Although Iowa Governor Terry Branstad seemed to warm up last week to increasing education funding, he was still making a serious effort at reform a prerequisite for any discussions about additional money. Last Friday, Branstad said that getting a reform proposal nailed down should be legislators’ top priority, and only once a decision is made on that should they take up the question of additional state aid.
Branstad’s education reform proposal carries a price tag of $187 million dollars over five years, but the pace of adoption appears to be slow. Only $17 million of that has been allocated for the first year, with most of that earmarked for increases in teacher pay.
Branstad appeared to be concerned that legislators will never get around to discussing reform if they first battle over school aid.
“And the history of the Legislature is they’ll spend all their time fighting over money instead of passing the substantive reform policies that we need,” he said.
Although Branstad was adamant that reform must come first, it appears that the Iowa Senate, which has a Democratic majority, is set to debate the issue of money anyway – without Branstad’s blessing if it comes to that. The Senate’s proposal calls for additional $130 million in education per-student spending in addition to the final number the lawmakers arrive at once the reform discussions are concluded.
After talking up his education reform ideas, Branstad took the opportunity to give his views on the gun rights debate – an issue much in the news since the shooting at Sandy Hook Elementary School in Newtown, Connecticut. Branstad pointed out that he was a strong supporter of individual’s right to own a gun and said that people who are looking to curb violence by restricting gun ownership are looking at the problem the wrong way. In the end, he didn’t expect any kind of significant gun control legislation to hit his desk any time soon.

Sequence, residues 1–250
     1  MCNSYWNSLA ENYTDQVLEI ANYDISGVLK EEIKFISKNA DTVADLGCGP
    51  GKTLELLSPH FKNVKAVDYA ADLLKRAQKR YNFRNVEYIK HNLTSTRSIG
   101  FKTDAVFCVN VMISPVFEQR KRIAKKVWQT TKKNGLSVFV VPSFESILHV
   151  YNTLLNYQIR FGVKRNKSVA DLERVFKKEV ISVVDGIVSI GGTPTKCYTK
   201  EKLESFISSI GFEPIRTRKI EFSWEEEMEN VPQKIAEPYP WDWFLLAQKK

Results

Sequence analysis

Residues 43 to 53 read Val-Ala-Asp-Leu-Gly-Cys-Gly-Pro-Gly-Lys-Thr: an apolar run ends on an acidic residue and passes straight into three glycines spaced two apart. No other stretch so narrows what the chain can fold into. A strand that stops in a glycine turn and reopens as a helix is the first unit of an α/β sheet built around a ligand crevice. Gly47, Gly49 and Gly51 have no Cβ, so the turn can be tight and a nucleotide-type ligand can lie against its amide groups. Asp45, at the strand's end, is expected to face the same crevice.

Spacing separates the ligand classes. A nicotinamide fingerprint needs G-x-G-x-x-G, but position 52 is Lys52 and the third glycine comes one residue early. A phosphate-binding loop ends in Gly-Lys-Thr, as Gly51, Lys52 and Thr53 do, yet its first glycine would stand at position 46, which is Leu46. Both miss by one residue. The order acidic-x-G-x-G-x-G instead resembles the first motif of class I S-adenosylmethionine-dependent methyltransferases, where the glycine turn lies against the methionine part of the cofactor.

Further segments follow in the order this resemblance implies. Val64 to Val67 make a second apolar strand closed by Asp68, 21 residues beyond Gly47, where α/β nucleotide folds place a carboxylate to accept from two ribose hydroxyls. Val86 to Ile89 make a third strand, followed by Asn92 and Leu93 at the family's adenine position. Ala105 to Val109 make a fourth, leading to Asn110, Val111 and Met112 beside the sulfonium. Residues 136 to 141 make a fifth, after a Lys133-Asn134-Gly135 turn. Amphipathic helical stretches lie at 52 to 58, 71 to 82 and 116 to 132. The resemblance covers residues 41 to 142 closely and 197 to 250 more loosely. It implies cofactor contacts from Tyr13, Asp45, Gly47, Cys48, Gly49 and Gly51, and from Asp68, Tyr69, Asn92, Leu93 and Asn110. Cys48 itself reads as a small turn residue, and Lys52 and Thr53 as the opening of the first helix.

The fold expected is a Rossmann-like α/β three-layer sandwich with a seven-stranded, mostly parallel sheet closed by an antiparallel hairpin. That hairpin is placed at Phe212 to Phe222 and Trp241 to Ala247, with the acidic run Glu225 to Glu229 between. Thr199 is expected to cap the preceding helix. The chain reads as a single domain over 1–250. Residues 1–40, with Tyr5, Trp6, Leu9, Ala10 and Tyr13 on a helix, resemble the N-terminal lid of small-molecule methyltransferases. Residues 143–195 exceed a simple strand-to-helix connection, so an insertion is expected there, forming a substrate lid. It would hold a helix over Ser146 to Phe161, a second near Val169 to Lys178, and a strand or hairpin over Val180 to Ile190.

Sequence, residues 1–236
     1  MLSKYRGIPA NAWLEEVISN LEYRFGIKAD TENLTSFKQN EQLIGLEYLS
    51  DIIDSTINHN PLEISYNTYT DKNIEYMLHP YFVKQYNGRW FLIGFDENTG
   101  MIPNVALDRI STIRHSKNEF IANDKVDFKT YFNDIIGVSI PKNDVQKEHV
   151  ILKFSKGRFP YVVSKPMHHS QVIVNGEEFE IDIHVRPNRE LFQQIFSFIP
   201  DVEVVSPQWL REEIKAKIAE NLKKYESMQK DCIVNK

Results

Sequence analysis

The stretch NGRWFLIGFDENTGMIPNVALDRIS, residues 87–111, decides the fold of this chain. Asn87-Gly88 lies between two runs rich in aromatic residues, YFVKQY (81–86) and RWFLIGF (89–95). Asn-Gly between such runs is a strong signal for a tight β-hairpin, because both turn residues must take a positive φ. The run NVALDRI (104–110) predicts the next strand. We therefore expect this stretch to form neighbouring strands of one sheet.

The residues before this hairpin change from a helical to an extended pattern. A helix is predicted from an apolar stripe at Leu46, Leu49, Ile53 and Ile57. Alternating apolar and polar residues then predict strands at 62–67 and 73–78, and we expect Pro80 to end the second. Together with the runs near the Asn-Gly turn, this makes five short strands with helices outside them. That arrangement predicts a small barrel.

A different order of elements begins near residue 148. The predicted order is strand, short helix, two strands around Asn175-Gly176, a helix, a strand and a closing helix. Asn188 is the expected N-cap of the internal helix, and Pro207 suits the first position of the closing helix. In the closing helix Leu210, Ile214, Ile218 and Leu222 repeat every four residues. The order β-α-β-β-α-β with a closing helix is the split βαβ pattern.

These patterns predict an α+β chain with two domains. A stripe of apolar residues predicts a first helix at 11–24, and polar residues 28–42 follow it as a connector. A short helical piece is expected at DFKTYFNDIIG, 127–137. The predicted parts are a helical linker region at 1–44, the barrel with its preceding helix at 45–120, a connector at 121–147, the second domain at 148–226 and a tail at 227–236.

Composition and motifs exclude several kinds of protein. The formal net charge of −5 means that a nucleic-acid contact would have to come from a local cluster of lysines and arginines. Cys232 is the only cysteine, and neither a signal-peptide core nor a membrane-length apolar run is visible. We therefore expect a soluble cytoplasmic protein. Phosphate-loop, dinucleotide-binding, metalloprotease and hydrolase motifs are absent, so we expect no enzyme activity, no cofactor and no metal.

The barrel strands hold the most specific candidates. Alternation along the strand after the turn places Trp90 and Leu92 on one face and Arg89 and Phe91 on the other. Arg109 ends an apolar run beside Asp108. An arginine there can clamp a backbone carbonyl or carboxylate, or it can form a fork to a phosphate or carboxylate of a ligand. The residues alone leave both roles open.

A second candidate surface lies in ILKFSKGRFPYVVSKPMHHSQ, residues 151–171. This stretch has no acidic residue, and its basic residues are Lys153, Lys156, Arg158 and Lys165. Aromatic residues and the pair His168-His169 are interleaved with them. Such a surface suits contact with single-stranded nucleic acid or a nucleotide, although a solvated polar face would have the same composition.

“I believe in protecting individual rights,” Branstad said. “I also think the issues of violence in the schools can best be addressed by things like the bullying prevention summit that we had and the reform that we’re doing of the mental health system to try and identify and help people with mental problems.”
Branstad, one of the US’s most aggressive governors on education reform, still refuses to commit himself to his plans for the 2014 election. If he has decided to seek reelection, he is keeping that decision close to his vest.
He couldn’t resist a jab at Rep. Bruce Braley, one of the Democrats reportedly considering a bid for the office.
“Ask him the last time a congressman was elected governor in this state,” he said, just after taping the program.
Branstad, an avid historian, said he couldn’t think of one.